Hoarding: A Jungian Perspective

To my knowledge Carl Jung never directly addressed the topic of hoarding. However, the following paragraph (in italics), which I have divided into parts in order to provide commentary, offers some thoughts relevant to the subject. [I suggest that the italicized text be read as a whole first before then going back to re-read the text along with the commentary.]

The personality is seldom, in the beginning, what it will be later on. For this reason the possibility of enlarging it exists, at least during the first half of life. The enlargement may be effected through an accretion from without, by new vital contents finding their way into the personality from outside and being assimilated. In this way a considerable increase of personality may be experienced.

Like the body, the personality is capable of rapid growth during the first twenty years of life. Much of that growth occurs through observation and modeling of others, through formal and informal education. The development of inherent potentials and abilities allows the individual to move through the world in an effective and creative way and establishes a healthy foundation for further personality growth.

We therefore tend to assume that this increase comes only from without, thus justifying the prejudice that one becomes a personality by stuffing into oneself as much as possible from outside.

Due to the nature of our early learning we may view our growth as coming primarily through schooling, books, things we are told and other outer life experiences. We may associate personality growth with the intellect, the acquisition of “facts” and the assimilation of the established, collective worldview.

But the more assiduously we follow this recipe, and the more stubbornly we believe that all increase has to come from without, the greater becomes our inner poverty.

Real growth of the personality involves a reflective, deeper processing of the events and lessons that come your way in life. It means coming to know yourself—both the light and the dark—and by knowing yourself, coming to know the world and other people as they really are, rather than what you project them to be. Your mind may be full of “facts” and your life full of experiences but they all mean very little if you have not gained insight into your own nature and grown in inner consciousness and servanthood through them.

Therefore, if some great idea takes hold of us from outside, we must understand that it takes hold of us only because something in us responds to it and goes out to meet it. Richness of mind consists in mental receptivity, not in the accumulation of possessions. What comes to us from outside, and, for that matter, everything that rises up from within, can only be made our own if we are capable of an inner amplitude equal to that of the incoming content.

A powerful work of art or an inspirational idea may deeply touch and provide an “aha moment” for one individual but be totally missed or unvalued by another. It is one thing to read a book on ethics; it is quite another to actually embody in word and deed an ethical standpoint. To be mentally receptive to an idea or perspective implies a depth of consciousness that can assimilate, take in and actually digest, utilize and build upon the idea or experience presented.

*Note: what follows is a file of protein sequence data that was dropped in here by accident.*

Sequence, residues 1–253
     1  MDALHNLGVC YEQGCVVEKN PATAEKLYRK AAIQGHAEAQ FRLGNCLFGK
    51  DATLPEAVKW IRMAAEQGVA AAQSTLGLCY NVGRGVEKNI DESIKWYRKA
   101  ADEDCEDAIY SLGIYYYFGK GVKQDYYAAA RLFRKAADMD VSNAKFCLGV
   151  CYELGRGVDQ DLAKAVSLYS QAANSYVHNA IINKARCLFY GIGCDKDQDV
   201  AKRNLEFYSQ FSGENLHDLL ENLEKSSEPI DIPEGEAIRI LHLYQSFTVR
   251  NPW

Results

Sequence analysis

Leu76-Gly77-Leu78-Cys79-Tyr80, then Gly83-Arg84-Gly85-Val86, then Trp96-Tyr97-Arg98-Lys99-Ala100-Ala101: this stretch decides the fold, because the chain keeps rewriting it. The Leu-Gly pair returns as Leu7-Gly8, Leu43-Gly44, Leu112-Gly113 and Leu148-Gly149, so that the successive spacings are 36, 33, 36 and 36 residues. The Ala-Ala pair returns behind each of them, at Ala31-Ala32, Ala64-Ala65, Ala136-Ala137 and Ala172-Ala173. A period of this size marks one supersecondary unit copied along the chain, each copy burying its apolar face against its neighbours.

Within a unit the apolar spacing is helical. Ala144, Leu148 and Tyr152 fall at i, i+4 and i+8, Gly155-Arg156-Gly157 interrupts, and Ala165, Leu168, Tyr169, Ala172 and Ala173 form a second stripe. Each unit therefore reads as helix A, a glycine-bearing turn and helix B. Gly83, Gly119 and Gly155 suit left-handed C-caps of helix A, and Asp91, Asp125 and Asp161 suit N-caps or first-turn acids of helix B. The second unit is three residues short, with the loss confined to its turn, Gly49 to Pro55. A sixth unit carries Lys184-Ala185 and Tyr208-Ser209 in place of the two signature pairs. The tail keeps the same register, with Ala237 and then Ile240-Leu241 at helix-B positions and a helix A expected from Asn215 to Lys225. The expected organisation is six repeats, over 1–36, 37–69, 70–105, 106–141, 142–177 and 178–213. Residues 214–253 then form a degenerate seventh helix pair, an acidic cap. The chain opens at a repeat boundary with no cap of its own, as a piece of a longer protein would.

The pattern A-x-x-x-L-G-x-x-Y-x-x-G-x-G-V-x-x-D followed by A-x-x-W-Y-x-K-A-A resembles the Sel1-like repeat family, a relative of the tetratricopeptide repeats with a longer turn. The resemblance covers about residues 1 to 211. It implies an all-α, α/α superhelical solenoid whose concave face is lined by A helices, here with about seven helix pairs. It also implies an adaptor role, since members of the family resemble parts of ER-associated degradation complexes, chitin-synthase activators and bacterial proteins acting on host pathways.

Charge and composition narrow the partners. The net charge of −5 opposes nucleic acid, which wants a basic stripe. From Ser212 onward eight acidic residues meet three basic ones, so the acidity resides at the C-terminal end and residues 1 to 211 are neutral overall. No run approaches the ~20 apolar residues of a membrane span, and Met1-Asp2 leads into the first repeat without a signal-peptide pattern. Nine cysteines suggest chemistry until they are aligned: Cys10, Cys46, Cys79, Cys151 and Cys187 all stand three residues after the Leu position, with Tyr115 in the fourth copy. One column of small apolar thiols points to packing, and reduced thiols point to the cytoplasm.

Real increase of personality means consciousness of an enlargement that flows from inner sources. Without psychic depth we can never be adequately related to the magnitude of our object. It has therefore been said quite truly that a man [woman] grows with the greatness of his[her] task. [C.G. Jung, C.W. Vol. 9,I, para. 215]

Recent research on hoarding suggests that people who hoard have a difficult time distinguishing between the relative value of things, so they save everything. Each saved object might sometime come in handy, or might cause regret if given away and later sought. Therefore it is retained. In addition, most people have an intuitive sense that there is something important that they are meant to glean from this life, important lessons or some enlargement of consciousness.

But the struggle or difficulty in determining what is truly valuable implies an equal difficulty in discerning what is really junk and without lasting value. In this respect people who hoard are far from unique. In fact, hoarding is a graphic symptom of a society that is generally confused about what is of real value in life. We are a society that chases after experiences in the hopes that somewhere in all those experiences something valuable will be collected. Unfortunately, we lack the inner depth and consciousness to assign proper value to the events, relationships and opportunities that we encounter. Perhaps, rather than sensationalizing the behavior of people who hoard we should be thanking them for holding up a mirror to our own collective tendency to cram our lives full of ideas, information, activities and experiences that neither enrich or deepen our soul, the latter being the key task that makes life worthwhile and grows the personality.

Copyright © Andy Drymalski, Ed.D.
Excerpts may be used provided full and clear credit is given author with link to original article.

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